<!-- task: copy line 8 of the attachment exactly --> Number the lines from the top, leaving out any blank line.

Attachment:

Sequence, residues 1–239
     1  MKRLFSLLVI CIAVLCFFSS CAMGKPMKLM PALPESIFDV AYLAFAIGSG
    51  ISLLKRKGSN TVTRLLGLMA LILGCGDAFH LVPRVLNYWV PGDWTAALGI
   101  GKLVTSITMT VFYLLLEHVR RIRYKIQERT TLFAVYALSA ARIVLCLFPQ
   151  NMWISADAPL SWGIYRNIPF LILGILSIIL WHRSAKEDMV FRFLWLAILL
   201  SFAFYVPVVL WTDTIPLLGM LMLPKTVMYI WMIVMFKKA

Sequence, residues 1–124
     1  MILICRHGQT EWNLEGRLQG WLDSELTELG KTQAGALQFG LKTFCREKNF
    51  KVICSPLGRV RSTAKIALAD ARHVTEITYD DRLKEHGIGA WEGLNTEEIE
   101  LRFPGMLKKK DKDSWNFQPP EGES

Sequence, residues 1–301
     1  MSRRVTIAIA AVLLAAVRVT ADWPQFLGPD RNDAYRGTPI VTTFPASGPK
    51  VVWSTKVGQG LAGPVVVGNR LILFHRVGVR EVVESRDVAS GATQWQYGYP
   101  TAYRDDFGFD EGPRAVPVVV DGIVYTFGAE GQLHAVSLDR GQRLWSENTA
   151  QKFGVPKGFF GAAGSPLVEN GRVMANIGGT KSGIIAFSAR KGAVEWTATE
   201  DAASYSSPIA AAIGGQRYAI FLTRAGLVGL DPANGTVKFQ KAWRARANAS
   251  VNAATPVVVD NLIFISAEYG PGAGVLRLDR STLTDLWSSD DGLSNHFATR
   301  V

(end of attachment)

     1  MILICRHGQT EWNLEGRLQG WLDSELTELG KTQAGALQFG LKTFCREKNF